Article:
Scout Finch, the youngest child of Atticus Finch, narrates the story. It is summer and her cousin Dill and brother Jem are her companions and playmates. They play all summer long until Dill has to go back home to Maridian and Scout and her brother start school. The Atticus’ maid, a black woman by the name of Calpurnia, is like a mother to the children. While playing, Scout and Jem discover small trinkets in a knothole in an old oak tree on the Radley property. Summer rolls around again and Dill comes back to visit. A sence of discrimination develops towards the Radley’s because of their race. Scout forms a friendship with her neighbor Miss Maudie, whose house is later burnt down. She tells Scout to respect Boo Radley and treat him like a person. Treasures keep appearing in the knothole until it is filled with cement to prevent decay. As winter comes it snows for the first time in a century. Boo gives scout a blanket and she finally understands her father’s and Miss Maudie’s point of view and treats him respectfully. Scout and Jem receive air guns for Christmas, and promise Atticus never to shoot a mockingbird, for they are peaceful and don’t deserve to die in that manner. Atticus then takes a case defending a black man accused of rape. He knows that such a case will bring trouble for his family but he takes it anyways. This is the sense of courage he tries to instill in his son Jem.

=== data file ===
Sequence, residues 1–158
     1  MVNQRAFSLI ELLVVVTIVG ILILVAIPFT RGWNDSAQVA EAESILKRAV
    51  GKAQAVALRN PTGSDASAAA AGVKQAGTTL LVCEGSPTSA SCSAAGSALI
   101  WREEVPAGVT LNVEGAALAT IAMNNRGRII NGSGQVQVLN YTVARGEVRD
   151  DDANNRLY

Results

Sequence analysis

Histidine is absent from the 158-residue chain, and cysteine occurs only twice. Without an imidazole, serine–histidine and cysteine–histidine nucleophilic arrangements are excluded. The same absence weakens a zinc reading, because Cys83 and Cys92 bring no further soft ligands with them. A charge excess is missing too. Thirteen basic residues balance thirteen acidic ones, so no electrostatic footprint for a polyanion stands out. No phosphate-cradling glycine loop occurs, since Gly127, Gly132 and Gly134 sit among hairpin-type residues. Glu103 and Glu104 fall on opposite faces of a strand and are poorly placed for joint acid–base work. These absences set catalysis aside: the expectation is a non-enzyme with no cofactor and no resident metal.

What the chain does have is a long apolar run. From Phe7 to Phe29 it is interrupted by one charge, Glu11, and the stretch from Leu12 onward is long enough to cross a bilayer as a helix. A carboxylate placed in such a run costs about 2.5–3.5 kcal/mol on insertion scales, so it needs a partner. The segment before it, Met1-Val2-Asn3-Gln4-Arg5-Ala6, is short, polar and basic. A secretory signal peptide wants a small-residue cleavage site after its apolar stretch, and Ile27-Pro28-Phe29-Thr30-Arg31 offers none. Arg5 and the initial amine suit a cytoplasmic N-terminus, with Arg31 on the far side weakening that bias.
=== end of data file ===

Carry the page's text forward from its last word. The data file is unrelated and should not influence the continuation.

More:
Atticus defines courage to Jem. "I wanted you to see what real courage is, instead of getting the idea that courage is a man with a gun in his hand. It's when you know you're licked before you begin but you begin anyway and you see it through no matter what" (112). A man with a gun, in his eyes, is not a man, but a coward. It takes little character to point a gun and pull a trigger, but it takes mountains of courage to accept a challenge in which you are already defeated. Nothing to do but reverse fate, overturn the thoughts and predictions which stands looking down with a grin upon its face. This feat maybe impossible, but not totally forsaken, for courage prevails over cowardice.
Courage, bravery, selflessness, all attributes necessary for winners to possess.